DIY Quadcopter Drone

Introduction: DIY Quadcopter Drone

A Drone is an unmanned aerial vehicle (UAV). They are an awesome piece of technology, and are becoming more popular now than ever. Drones have practical uses that range from photography, exploration, military, delivery, recreation and much more. Here is your chance to join in on the action. We want to help you build your own Quadcopter Drone (Hopefully you will eventually be able to mount a laser on your drone, but we won't be able to help you with that. Face it, a laser on a drone would be cool).

Step 1: Step 1: Download APM Mission Planner

APM Mission Planner will help you with every step in this process. The Mission Planner will be there from the beginning to the end. The program will help you with calibrating the radio, accelerometers, GPS, and everything in between. The link for the download is below:

Step 2: Step 2: Design/Print/Cut/Buy a Body

A big part of any drone is the body type. For our drone, we went with a "plus style" but there are many others out there. The plus style we used was printed using a maker gear m2 3d printer. We considered cutting a body out of acrylic using a CNC laser cutter. This part all depends on what you want to do with your drone. has plenty of 3d printable things to look through if you have access to a printer. Also consider how you want to make the legs for your drone. We made 8 individual legs for our drone. There are 2 legs for each arm. We used zip ties to secure the legs around the arms of the drone.

Step 3: Step 3: Wire Your Ardupilot and Electronics

Before mounting everything to your body, you should wire your ardupilot, radio, and gps/compass. You should then calibrate all of these things using the setup/configuration pull down in your apm planner. The planner will walk you through the calibrations.

Step 4: Step 4: Get It All Mounted Up

Next you'll want to mount everything on your drone. To mount the ardupilot, we 3d printed what looks like a small table and screwed the ardupilot right into it. We attached the table to the body of the drone by fusing them together with a bit of acetone. We then printed another table for the radio receiver. We placed this second table on top of the first, again, fusing the plastic with acetone. We mounted the radio receiver on top of that table with a bit of velcro. We printed a much taller table for the gps/compass. When you mount your gps it needs to be considerably higher than the rest of your electronics. The wires from your electronics are current carrying and will produce magnetic fields that will interfere with your gps/compass if they are not separated. We mounted the compass unit to this table by drilling holes in the table and fastening with zip ties.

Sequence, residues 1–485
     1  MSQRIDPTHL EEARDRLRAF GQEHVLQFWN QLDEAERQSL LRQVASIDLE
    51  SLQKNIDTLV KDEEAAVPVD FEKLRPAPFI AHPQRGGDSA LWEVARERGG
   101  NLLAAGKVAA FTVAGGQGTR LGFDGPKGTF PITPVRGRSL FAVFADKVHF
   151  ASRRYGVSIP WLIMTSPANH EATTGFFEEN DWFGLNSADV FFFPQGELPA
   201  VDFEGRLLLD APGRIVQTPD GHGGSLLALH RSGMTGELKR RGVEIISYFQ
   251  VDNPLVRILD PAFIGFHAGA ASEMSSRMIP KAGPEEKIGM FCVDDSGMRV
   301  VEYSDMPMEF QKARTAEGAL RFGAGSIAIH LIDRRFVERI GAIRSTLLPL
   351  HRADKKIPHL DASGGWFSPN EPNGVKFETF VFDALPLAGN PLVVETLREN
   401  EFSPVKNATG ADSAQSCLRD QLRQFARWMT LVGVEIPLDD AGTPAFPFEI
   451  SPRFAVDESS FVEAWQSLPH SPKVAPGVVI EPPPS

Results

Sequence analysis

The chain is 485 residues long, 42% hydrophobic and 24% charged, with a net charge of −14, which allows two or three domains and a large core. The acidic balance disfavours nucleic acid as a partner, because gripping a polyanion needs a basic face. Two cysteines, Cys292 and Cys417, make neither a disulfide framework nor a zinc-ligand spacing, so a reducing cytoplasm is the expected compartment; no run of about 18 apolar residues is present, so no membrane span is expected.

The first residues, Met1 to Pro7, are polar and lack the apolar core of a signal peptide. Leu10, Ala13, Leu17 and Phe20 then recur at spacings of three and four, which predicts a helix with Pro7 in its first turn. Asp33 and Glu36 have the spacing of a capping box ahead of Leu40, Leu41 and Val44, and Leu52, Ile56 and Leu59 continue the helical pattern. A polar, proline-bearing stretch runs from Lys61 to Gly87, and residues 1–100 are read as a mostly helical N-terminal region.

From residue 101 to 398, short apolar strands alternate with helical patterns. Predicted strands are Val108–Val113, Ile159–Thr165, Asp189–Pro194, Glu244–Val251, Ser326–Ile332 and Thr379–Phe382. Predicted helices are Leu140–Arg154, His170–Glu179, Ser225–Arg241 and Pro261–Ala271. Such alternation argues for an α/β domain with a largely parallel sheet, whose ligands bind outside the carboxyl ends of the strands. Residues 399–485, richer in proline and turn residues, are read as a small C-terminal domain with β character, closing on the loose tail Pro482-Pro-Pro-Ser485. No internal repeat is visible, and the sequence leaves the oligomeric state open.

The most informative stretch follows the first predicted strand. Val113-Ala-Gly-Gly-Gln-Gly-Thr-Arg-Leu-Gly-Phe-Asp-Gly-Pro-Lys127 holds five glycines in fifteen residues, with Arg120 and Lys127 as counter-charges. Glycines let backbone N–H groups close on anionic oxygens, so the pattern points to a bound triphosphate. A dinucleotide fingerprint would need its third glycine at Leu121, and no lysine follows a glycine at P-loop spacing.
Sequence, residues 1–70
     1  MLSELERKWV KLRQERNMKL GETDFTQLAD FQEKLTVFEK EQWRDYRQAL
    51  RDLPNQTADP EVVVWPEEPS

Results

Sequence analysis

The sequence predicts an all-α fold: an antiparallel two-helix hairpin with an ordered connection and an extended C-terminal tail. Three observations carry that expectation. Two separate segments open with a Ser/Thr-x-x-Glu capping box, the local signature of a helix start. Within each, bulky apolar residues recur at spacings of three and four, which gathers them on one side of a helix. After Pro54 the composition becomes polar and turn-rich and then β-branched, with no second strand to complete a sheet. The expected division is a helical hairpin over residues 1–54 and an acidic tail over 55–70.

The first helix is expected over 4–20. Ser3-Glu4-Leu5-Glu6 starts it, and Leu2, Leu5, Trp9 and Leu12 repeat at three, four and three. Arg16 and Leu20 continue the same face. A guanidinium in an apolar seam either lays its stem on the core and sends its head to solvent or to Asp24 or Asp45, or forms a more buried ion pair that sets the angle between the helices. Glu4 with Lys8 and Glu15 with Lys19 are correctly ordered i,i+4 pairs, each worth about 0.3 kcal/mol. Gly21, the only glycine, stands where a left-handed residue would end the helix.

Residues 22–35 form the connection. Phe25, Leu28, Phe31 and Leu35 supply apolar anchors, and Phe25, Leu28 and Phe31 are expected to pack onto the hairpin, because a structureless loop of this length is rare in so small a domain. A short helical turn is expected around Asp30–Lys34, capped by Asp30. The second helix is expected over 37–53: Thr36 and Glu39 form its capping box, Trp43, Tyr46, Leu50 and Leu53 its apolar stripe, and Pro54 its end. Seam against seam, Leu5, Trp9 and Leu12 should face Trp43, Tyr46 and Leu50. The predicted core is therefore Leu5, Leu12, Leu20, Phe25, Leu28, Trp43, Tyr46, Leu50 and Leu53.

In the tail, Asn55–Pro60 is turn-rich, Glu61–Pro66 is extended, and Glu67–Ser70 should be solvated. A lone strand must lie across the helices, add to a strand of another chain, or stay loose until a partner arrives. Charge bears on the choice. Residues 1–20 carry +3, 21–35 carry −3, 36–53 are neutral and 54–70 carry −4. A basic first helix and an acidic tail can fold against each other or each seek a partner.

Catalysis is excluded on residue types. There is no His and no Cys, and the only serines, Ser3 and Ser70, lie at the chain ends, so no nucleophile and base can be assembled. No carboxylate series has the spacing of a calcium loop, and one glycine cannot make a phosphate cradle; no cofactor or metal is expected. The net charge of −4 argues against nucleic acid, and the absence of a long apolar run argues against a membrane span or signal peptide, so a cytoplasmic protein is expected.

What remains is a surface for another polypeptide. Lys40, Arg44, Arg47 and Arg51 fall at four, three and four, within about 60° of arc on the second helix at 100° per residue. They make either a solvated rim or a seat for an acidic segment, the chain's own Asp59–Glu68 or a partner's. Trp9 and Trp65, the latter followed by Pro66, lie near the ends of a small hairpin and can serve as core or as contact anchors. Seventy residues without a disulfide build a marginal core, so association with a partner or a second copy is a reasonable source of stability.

Step 5: Step 5: Wire Your Power Distribution Board and Power Supply

The best directions we can offer here are to visit the website of the maker of your power distribution board. We used a 3DR board, and it seems to have worked well. You'll then have to wire the ESCs (Electronic Speed Control) systems to the board and connect your engines to those as well.

Step 6: Step 6: Calibrate Your ESC

After you have everything mounted and wired you'll want to calibrate your ESCs. Before you do this, make sure your USB is unplugged from your drone and computer and you do not have any props on your engines. The link below has fantastic directions for esc calibration.

Step 7: Step 7: Arm Your Drone

In your APM planner, make sure you have everything calibrated and working. Then, you can try and arm your drone. The planner will do a number of safety checks before allowing you to arm, resolve any issues if necessary. After your drone is armed, unplug it and head outside!

Step 8: Step 8: Arm the Engines and Fly!

Instructions on arming the engines can be found here:

Good luck! And enjoy your flight!

Be the First to Share


    • Plywood Contest

      Plywood Contest
    • Halloween Contest

      Halloween Contest
    • Metal Contest

      Metal Contest



    6 years ago


    I have just assembled
    my first quadcopter roughly in order to test the components. I am using
    ardupilot APM as my flight controller. The major problem I am facing is that
    even if I give the slightest of input on the throttle, the drone just flies
    suddenly to a super high altitude and becomes really hard to control. Is there
    a way that I can give just enough throttle to make the drone rise about 6-8
    feet so that I can learn to control it without damaging it a lot?

    I would really
    appreciate any help whatsoever.

    Thank You


    7 years ago on Introduction

    Thanks! It still has some work to be done in terms of fine tuning, but hopefully this will help somebody!


    7 years ago on Introduction

    This looks great! Thanks for sharing and welcome to the community!